Through pain and turmoil, Deena Lynch – a.k.a. Jaguar Jonze – finds strength, beauty, and power in her intelligently- and artistically-crafted debut EP, ‘Diamonds & Liquid Gold’.

“What doesn’t kill you makes you stronger” is an old aphorism known to all. Deena Lynch, the mastermind behind Jaguar Jonze, though, takes the quote to extremes. The 21-year old is a survivor, but she’s unlike most. At seven years old, Lynch arrived in Australia alone. Her parents (her mother is Taiwanese and her father is Australian) had split, and complicated passport and citizenship issues forced her mother to retreat to Taiwan. Her father, meanwhile, stayed in Japan. After years of applications and legal battles, Lynch’s mother would eventually join her in Queensland.

Lynch was also diagnosed with Complex PTSD at a young age. She held, however, a darker secret that she only revealed earlier this year. In late February, Lynch was awarded the Best Singer-Songwriter / Folk award at the Queensland Music Awards for “Beijing Baby”. After receiving the award, she shared her story of being repeatedly sexually assaulted during the initial recording of the track. The psychological and emotional turmoil she encountered likely partially explains why she can brush aside physical pain. While participating in Eurovision: Australia Decides in February, she dislocated her left shoulder during her performance. Instead of stopping, she soldiered through her set and won fans over. No one knew she had injured herself until after the show.

To top things off, while Lynch and her bandmates were in the USA in early March for some gigs and to attend SXSW, she caught COVID-19. Her symptoms were extreme, but she would recover. Or would she? On the eve of the release of her first EP, Diamonds & Liquid Gold, her symptoms returned and she was hospitalized. But like her Eurovision performance, she was not going to be stopped. From her bed, she chatted with fans on social media while listening to each of the record’s six tracks. The will to not just survive but to excel permeates throughout her spectacular debut.

Diamonds & Liquid Gold is the work of an assured veteran, who emphasizes art and substance over image. Consequently, the EP resembles more a piece of great cinema than something to be heard on the radio. Or at the very least, it could be the alternative soundtrack for the Emmy-winning Killing Eve series or an espionage movie made by Quentin Tarantino. Opener “Rising Sun” is ’70s pop-noir elevated to more sinister levels. Through the darkly titillating atmosphere, Lynch teases her pursuer, where he is the prey and she is now the hunter. She calmly says, “I’m going to chase you down and leave you in my wake”. Psychedelic, spaghetti western, and electro-rock collide on the brilliantly urgent “Rabbit Hole”. As the slowly intensifies, Lynch delves deep within her soul, and she reveals her struggles and “insecurities”. She desperately calls out:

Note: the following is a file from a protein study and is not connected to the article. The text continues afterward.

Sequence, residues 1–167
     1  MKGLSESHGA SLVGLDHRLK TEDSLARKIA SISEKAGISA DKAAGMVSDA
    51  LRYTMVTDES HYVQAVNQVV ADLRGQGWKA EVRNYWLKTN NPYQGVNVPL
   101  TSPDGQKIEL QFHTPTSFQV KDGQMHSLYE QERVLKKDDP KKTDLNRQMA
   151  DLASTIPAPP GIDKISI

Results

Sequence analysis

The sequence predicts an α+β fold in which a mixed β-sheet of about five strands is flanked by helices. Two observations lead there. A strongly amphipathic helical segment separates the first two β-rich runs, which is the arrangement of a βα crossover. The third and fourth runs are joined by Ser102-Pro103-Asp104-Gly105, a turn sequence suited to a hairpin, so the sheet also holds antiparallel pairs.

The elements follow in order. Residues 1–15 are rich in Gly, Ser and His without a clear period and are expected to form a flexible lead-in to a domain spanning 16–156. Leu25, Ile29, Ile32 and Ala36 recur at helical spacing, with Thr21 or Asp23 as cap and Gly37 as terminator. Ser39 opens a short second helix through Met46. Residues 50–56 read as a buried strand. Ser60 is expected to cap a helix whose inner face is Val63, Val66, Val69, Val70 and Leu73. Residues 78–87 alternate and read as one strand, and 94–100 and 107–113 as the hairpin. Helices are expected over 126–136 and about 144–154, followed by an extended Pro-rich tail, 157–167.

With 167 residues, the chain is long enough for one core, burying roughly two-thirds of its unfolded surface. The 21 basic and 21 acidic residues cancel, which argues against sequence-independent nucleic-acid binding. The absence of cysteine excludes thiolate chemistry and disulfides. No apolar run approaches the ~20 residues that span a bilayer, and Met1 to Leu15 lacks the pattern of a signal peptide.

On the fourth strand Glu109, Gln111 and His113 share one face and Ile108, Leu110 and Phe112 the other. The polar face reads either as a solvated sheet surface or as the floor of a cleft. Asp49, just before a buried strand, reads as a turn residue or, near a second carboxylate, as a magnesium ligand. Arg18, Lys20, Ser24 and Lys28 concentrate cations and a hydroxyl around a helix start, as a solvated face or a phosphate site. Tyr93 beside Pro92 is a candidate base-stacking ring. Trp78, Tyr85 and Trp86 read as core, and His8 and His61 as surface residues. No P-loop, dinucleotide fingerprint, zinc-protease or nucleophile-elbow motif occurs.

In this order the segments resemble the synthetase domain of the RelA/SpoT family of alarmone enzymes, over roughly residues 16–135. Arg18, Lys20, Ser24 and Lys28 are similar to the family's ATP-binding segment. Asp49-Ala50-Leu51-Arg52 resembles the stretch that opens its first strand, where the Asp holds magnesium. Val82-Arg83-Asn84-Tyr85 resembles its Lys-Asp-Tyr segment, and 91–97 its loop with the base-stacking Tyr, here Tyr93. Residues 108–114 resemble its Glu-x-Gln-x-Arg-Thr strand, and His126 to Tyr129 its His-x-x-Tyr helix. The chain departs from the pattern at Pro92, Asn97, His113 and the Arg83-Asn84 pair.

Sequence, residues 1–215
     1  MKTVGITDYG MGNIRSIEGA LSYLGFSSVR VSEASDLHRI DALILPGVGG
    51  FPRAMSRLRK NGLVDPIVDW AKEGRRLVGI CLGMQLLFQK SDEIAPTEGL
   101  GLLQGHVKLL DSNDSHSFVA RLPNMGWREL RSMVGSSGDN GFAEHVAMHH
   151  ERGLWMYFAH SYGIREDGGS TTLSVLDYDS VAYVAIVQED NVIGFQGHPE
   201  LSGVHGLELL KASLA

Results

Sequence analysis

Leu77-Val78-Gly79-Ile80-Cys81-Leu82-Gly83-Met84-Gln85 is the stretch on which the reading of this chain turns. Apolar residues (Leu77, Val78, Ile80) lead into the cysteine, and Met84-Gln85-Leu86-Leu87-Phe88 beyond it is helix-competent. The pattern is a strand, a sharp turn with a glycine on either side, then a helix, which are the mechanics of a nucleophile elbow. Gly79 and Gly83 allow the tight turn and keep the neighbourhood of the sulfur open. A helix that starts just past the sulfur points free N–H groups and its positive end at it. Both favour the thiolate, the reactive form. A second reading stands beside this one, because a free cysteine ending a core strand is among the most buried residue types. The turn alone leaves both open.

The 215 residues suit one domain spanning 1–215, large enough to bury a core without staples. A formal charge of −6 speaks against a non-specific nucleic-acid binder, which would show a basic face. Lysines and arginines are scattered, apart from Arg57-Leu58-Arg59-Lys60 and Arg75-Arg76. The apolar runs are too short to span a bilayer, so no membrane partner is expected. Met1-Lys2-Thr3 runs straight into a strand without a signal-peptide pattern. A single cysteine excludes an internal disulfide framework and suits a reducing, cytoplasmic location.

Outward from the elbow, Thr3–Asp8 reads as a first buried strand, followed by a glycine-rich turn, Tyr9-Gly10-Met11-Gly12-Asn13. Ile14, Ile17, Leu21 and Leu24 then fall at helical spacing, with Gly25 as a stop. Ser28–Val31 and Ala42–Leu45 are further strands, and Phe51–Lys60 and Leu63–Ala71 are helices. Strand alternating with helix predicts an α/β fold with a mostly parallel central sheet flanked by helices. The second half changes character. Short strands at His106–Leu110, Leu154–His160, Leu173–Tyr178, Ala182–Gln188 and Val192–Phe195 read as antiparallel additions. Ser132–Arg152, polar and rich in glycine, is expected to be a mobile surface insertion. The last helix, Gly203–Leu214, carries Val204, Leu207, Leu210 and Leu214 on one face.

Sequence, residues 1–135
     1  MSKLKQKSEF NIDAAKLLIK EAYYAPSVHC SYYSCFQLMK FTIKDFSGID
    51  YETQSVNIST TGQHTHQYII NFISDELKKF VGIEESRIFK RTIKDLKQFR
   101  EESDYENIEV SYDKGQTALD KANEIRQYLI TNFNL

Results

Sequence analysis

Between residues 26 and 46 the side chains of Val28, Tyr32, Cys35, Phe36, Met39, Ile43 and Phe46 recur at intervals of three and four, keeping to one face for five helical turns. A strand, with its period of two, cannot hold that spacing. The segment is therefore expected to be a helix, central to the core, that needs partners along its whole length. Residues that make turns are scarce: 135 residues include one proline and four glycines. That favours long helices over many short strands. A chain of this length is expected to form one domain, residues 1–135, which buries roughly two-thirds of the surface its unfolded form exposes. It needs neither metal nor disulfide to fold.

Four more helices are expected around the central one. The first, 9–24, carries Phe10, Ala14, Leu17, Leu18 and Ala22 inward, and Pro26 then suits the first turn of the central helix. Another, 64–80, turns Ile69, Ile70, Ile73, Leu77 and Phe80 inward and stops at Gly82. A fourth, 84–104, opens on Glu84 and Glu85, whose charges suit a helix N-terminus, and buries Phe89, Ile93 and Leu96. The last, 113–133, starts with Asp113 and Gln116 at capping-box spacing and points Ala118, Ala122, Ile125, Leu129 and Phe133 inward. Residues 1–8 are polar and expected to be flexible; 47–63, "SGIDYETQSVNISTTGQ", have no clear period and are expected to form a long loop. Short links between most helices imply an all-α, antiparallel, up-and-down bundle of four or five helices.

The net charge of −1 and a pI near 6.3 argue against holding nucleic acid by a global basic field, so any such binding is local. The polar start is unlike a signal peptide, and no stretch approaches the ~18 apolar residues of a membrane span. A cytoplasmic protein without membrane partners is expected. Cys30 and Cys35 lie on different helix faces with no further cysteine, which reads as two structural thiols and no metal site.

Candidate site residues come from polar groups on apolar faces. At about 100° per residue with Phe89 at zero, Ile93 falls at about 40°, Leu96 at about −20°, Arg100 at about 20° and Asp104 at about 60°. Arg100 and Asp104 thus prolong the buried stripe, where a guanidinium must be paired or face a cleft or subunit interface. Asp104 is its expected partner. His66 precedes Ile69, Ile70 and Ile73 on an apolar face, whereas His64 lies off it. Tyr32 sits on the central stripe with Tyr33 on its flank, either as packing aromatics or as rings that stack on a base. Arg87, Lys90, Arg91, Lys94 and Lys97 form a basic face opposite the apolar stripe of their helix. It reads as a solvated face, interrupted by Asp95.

“I will question, I will doubt your answers
Make my heart stop and belief
I will trick, ask you to please stand down
Create the instability”

“Beijing Baby”, which has been reworked with individuals who respected Lynch’s talent and space, is beautifully suspenseful. With its psychedelic-western tones, the song is the anthem of a newcomer, a stranger into a foreign place. It is also Lynch’s masterpiece in storytelling. In just 3 minutes and 43 seconds, she tells a tale of trust, deceit, friendship, abuse, naivete, and loss innocence. The anthemic “Kill Me With Your Love” is Jaguar Jonze at her most exhilarating. And yet, a gloom still lingers beneath the scintillating guitars and the jarring rhythms because this is not a love song nor about being consumed by love. On the contrary, Lynch’s message concerns how love can be a prison, where one stays with another despite the pain and suffering.

The James Bond-esque “Diamonds & Liquid Gold” is stunning, suspenseful, and engrossing. To whom the song is directed is unknown, but she could very well be whispering to 007 that he is on his last life and she’s going to take it from him. Hopefully the 007 franchise is listening should they be searching for a future artist to write the next theme song.

The EP comes to a close with the moving “You Got Left Behind”, which sounds like a psychedelic-western song that The Bends-era Radiohead may have crafted. Haunting strings perfectly complement the dissonant guitar and feathery rhythms. Through the dystopian soundscape, Lynch reflects on the forgotten ones. Possibly reflecting on her own lost childhood. She sings:

“Buried ten feet under
Hear the clock go tic-toc, tic
With only a mind to hurt you
When will you wake up?

Your head beneath the water
Hear your lungs go tic-toc, tic
With only thoughts to hold you
In the ocean’s arms.”

Or maybe she is saying goodbye to what was while looking forward. With Diamonds & Liquid Gold, Lynch has started a new chapter in her life. These next few pages will be exciting to read and observe from a young artist who has exceeded all expectations and beaten the odds. A young artist who has found strength through the pain and beauty in the suffering, and, in the process, has crafted a record full of cinema, art, and power.

Diamonds & Liquid Gold is out now on Nettwerk Music Group. It’s available on the usual streaming and purchasing sites (although she surprisingly doesn’t have a Bandcamp page).

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